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James Boyd
Center for Applied Cybersecurity Research

Ken Turchi
Maurer School of Law

Last modified: Monday, July 1, 2013

IU expert: Latest NSA spying revelations pose four major challenges to White House

July 1, 2013

BLOOMINGTON, Ind. -- The already strained relationship between the U.S. and the European Union over data protection took an ironic twist this weekend with new revelations from Edward Snowden and others that the National Security Agency partners with European allies to engage in widespread data collection and mining, and also has targeted EU officials through wiretaps, software bugs and other tools in both Brussels and Washington, D.C.

And according to Indiana University cybersecurity and data privacy expert Fred H. Cate, four factors make this weekend's disclosure particularly problematic for the Obama Administration.

Timing: "After a six-month effort by the administration to paint the Chinese as reckless sponsors of cyber attacks, the revelations of the past month, capped off by those this weekend, make the U.S. appear to be a big, if not bigger, proponent of exploiting advanced technologies and cyber vulnerabilities to its own ends," Cate said.

The U.S. stands alone: "An embarrassing reality about US surveillance law, namely that whatever protection might exist for personal privacy -- and there is considerable debate about how much is left -- is that it is limited to 'U.S. persons,'" Cate said. "The U.S. is alone among its allies in denying privacy protections based on nationality, and the subject has already caused considerable consternation among European officials, who resist being lumped into the same category for purposes of U.S. law as known terrorists."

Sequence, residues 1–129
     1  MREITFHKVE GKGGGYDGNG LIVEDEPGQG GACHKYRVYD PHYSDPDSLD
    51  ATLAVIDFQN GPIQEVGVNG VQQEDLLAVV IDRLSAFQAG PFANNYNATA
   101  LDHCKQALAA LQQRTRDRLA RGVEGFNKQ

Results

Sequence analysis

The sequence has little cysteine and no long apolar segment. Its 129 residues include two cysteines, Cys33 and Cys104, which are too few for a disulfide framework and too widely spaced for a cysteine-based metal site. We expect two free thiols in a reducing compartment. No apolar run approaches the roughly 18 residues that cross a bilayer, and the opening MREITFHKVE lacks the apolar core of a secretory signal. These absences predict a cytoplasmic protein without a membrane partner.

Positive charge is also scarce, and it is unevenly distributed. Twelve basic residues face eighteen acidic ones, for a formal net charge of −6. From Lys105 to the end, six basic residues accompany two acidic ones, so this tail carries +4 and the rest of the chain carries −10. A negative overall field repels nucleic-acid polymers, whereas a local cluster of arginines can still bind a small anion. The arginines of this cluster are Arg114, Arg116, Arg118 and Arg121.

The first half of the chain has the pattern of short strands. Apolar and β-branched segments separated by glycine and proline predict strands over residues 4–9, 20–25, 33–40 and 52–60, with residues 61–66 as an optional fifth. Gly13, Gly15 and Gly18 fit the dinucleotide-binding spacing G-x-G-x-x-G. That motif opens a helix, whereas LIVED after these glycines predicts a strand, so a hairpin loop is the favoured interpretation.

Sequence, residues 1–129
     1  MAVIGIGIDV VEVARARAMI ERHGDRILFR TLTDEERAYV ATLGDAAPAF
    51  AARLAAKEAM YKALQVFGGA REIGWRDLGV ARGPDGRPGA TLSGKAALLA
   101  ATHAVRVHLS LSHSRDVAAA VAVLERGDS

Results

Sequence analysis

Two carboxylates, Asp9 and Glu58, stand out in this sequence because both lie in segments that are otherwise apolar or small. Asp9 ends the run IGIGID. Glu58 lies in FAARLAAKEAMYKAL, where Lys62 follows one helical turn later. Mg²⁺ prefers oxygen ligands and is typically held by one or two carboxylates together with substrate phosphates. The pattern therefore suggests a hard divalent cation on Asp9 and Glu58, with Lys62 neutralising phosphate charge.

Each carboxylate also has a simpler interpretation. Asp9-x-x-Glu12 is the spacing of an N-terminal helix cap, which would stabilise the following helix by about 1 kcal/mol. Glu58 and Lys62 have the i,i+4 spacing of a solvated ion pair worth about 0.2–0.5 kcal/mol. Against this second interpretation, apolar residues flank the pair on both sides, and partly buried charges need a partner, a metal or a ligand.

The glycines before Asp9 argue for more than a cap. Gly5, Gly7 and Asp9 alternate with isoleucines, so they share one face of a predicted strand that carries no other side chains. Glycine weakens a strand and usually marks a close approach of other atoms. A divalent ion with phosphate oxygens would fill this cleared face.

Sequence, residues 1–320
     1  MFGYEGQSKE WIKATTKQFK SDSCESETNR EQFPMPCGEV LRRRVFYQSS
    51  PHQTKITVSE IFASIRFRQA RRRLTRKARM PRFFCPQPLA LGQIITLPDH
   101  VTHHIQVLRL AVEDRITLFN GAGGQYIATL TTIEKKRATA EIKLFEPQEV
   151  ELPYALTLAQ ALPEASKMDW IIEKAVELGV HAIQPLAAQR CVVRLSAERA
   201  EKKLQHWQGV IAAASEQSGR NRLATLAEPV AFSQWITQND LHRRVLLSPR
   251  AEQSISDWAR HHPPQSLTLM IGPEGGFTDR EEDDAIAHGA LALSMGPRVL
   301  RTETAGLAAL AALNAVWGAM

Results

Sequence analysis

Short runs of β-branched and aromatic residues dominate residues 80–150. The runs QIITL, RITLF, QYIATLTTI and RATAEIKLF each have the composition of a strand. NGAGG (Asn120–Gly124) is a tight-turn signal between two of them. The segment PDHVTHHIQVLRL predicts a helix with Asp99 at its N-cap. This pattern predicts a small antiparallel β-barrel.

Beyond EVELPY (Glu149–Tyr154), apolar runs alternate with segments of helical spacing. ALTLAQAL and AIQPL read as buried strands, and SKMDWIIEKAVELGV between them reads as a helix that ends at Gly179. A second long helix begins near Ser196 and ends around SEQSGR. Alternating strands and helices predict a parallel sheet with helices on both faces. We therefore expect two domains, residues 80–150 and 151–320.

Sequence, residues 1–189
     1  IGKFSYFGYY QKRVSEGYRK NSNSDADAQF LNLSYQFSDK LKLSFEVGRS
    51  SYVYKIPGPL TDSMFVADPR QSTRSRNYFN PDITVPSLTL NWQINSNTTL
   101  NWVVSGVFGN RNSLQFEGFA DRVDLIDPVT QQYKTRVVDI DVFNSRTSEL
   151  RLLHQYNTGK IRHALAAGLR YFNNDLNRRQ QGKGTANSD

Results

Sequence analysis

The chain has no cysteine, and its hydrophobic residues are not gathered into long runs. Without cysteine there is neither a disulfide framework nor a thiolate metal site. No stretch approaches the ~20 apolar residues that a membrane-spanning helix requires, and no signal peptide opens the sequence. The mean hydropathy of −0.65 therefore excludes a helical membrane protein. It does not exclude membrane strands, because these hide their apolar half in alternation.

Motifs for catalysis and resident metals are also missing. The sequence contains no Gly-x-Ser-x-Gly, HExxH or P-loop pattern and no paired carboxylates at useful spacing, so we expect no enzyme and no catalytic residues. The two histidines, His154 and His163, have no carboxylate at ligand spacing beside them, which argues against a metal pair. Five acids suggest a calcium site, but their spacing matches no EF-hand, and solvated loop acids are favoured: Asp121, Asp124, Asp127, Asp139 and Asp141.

We're treating others like we don't want to be treated: "While nations spying on each other is nothing new, the revelation of this sort of targeted surveillance of EU officials and property, especially in Brussels or on the sovereign territory of the EU delegation in Washington, D.C., hardly reflects the respect for sovereignty or the rule of law or the close U.S.-European relationships that President Obama has championed," Cate said.

We're playing defense, and not particularly well: "These revelations once again make the Obama administration look unprepared and defensive. Not only did the director of national intelligence provide false information to Congress about the extent of NSA surveillance, but each new revelation by Mr. Snowden and others makes the prior assurances by the administration look at best incomplete or at worst deceptive," Cate said. "For a president who campaigned on government transparency and responded to the first surveillance disclosures by saying he welcomed a 'national discussion' of critical surveillance issues, the most recent disclosures have once again put the president and his senior officials on the defensive, either unaware of what the NSA is up to or amateurishly unprepared for what they must know he is able to disclose."

Fred H. Cate is a Distinguished Professor and the C. Ben Dutton Professor of Law at the IU Maurer School of Law. He also directs the university's Center for Applied Cybersecurity Research, one of a handful of cybersecurity research centers named a National Center of Academic Excellence in both Information Assurance Research and Education by the U.S. Department of Homeland Security and NSA. Cate is a member of the inaugural U.S. Department of Homeland Security Data Privacy and Integrity Committee Cybersecurity Subcommittee and one of the founding editors of the Oxford University Press Journal, International Data Privacy Law.

He can be reached at 812-855-1161 or